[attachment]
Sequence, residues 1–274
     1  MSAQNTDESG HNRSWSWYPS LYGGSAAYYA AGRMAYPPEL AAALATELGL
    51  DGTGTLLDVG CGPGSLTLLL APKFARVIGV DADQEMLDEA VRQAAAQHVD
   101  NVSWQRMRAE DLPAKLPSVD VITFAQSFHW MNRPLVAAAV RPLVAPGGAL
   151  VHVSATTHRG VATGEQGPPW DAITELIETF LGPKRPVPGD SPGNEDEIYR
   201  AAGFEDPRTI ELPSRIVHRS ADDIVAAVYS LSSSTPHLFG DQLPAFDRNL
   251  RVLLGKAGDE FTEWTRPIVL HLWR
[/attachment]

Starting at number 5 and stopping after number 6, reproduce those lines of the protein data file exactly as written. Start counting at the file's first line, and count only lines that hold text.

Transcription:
   151  VHVSATTHRG VATGEQGPPW DAITELIETF LGPKRPVPGD SPGNEDEIYR
   201  AAGFEDPRTI ELPSRIVHRS ADDIVAAVYS LSSSTPHLFG DQLPAFDRNL